Rule of Three
Patricia Fripp, CSP, CPAE
speakers know about the importance of using "The
Rule (or Law) of Three." Abraham Lincoln
learned it in his one-room schoolhouse. Even Aristotle,
in his Art of Rhetoric, referred to "three
types of speeches" and "three forms
of proof," although he also divided ideas
into two parts and four parts as well. Lewis Carroll,
renowned for the Alice in Wonderland stories,
referred to The Rule of Three more than once in
his writings. In his Mad Gardener's Song he wrote:
thought he saw a Garden-door
That opened with a key:
He looked again, and found it was
A double Rule of Three:
"And all its mystery," he said,
"Is clear as day to me."
in The Hunting of the Snark, Carroll wrote:
have said it twice:
That alone should encourage the crew.
I have said it thrice:
What I tell you three times is true.
and Memorable Speeches
to say, irrespective of its mathematical overtones,
the number three is truly magical. Speech coaches
insist that people can most easily remember something
if it is said three different times. Shakespeare
used it. ("Friends, Romans, Countrymen")
Thomas Jefferson used it. ("Life, Liberty,
and the Pursuit of Happiness") U.S. Marine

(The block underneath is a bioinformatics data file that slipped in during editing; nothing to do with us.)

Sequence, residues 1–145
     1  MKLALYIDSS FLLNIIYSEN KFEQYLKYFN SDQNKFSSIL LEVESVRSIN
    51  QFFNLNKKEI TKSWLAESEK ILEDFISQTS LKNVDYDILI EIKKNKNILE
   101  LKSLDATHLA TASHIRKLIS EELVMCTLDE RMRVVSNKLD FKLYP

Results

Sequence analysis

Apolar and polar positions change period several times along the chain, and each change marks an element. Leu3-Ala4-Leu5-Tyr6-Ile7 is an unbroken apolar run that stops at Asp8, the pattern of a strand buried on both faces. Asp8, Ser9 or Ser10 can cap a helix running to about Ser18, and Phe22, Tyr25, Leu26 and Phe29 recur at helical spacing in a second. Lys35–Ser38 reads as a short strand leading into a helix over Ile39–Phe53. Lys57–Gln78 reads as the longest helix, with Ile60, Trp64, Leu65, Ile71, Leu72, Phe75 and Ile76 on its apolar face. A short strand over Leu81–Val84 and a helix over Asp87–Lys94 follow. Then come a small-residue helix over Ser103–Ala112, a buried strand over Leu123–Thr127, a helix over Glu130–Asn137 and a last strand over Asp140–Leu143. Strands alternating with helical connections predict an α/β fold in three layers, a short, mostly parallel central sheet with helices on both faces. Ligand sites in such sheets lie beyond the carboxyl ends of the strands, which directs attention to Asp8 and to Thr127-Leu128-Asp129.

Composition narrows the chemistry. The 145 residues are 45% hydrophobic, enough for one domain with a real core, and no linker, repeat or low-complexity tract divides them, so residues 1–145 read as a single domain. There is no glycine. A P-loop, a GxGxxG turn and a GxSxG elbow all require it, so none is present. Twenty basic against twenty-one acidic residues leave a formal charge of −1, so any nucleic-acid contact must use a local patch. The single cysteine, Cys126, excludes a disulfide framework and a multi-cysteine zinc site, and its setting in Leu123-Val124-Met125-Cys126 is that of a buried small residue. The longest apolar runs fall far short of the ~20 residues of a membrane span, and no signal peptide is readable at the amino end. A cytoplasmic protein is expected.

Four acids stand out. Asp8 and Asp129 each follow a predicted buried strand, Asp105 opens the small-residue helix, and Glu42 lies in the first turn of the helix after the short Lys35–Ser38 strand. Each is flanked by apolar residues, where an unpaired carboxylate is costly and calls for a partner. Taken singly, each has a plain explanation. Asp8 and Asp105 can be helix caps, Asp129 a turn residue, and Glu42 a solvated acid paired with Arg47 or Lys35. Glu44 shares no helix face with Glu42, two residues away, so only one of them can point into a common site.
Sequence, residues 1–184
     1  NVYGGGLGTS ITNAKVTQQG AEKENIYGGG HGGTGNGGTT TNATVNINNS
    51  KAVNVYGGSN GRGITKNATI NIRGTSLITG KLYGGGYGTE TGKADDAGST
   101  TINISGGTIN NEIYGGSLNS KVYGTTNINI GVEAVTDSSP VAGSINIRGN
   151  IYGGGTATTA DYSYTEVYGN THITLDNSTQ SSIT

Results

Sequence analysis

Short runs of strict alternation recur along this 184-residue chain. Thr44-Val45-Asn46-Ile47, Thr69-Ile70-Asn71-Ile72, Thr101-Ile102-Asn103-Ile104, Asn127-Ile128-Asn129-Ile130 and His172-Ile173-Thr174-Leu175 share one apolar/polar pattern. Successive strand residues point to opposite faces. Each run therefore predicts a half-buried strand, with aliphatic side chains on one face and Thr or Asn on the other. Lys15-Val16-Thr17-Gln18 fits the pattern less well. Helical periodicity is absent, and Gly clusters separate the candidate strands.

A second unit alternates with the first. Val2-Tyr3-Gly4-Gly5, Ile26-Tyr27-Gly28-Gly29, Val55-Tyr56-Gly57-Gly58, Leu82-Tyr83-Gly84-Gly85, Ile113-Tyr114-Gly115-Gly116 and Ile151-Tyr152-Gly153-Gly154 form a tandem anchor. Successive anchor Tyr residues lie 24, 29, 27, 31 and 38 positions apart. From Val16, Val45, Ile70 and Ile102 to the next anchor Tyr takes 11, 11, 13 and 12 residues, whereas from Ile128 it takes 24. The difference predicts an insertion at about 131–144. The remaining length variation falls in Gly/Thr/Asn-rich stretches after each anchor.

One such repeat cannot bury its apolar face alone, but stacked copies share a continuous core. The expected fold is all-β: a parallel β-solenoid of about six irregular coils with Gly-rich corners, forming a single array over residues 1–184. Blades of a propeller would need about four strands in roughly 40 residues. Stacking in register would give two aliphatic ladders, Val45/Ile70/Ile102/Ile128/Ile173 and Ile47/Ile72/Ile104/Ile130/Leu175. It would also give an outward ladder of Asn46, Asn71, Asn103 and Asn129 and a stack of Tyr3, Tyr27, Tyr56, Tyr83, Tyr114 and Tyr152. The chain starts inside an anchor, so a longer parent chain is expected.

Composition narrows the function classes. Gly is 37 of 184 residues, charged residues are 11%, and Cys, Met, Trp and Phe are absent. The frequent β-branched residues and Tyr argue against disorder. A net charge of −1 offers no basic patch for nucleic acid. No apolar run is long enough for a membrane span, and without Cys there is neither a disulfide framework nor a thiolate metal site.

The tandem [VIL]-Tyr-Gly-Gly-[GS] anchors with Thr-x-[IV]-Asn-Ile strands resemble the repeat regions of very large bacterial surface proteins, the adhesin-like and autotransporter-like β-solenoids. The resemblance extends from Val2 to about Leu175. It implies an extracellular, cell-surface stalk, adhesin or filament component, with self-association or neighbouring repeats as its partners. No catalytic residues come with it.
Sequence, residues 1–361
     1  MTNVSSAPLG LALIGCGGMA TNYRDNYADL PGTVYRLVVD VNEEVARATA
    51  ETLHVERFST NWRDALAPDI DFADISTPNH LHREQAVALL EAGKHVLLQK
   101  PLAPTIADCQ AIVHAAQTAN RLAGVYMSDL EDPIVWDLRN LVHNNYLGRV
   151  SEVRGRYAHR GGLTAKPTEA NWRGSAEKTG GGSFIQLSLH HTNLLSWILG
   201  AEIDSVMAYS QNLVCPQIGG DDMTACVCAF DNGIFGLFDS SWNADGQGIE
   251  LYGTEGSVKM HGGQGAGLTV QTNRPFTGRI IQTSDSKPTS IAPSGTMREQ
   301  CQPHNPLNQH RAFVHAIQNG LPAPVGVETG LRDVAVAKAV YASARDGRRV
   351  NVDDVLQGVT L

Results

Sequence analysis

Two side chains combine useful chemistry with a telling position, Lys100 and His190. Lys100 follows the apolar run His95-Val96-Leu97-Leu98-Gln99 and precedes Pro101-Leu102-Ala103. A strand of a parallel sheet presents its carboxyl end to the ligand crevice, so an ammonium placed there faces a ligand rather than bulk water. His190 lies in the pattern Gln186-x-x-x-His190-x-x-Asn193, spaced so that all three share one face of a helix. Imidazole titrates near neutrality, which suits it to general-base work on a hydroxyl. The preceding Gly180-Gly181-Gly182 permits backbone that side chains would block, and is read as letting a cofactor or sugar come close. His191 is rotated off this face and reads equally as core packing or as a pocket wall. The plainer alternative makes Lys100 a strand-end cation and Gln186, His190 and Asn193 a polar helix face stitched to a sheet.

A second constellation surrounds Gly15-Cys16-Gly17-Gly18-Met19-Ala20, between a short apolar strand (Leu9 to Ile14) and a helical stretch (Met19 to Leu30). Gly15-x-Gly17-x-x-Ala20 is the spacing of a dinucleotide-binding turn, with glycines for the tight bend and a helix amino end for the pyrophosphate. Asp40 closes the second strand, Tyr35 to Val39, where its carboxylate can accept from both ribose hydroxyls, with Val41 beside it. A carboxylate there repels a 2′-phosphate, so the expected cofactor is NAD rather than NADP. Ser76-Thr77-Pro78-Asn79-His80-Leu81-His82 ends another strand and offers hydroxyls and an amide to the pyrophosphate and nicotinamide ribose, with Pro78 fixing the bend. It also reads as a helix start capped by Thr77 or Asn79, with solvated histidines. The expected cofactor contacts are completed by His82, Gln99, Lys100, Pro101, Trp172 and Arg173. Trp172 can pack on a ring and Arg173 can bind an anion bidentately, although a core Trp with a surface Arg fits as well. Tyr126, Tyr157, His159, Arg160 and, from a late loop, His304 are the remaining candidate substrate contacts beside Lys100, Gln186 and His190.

Corp instructors teach that a Marine should limit
his or her attention to three tasks or goals.
And the Jay Lenos of the comedy world frequently
follow this formula. (The first comment names
the topic, the second sets a pattern, and the
third unexpectedly switches the pattern, which
Idea-Bank.com* is filled with examples of
The Rule of Three expressed in quotations. On
the Query page, we typed in: "three things"
and were told that the Quotations file would yield
73 different quotations using that phrase.
Points for Powerful Presentations
So where has all this been leading us? Simply
that focusing your message on no more than three
significant points, and repeating them in different
ways throughout your presentation, is certain
to give your presentation the maximum impact.
Using The Rule of Three is powerful!
you consider this overly dogmatic, some authorities
suggest that The Rule of Three is more commonly
followed in Western culture and that The Rule
of Four is typical in other cultures. Dr. Jerry
Tarver, retired professor of speech communications
emeritus at the University of Richmond and a noted
speechwriting instructor, points out that there
are many famous examples of "fours"
and "twos" in famous declarations (FDR's
"Four Freedoms" and Churchill's "blood,
toil, tears and sweat"). A good example of
"twos" is Patrick Henry's famous "Give
me liberty or give me death!"
dictum that "a foolish consistency is the
hobgoblin of little minds" is probably applicable
here but we still think The Rule of Three is a
powerful technique in fashioning memorable human
Fripp CSP, CPAE is a San Francisco-based
executive speech coach and award-winning professional
speaker. She is the author of Get What You Want!,
Make It, So You Don't Have to Fake It!, and Past-President
of the National Speakers Association. Patricia
Fripp, CSP, CPAE
Mailing Address: 27 Hugo Street, San Francisco,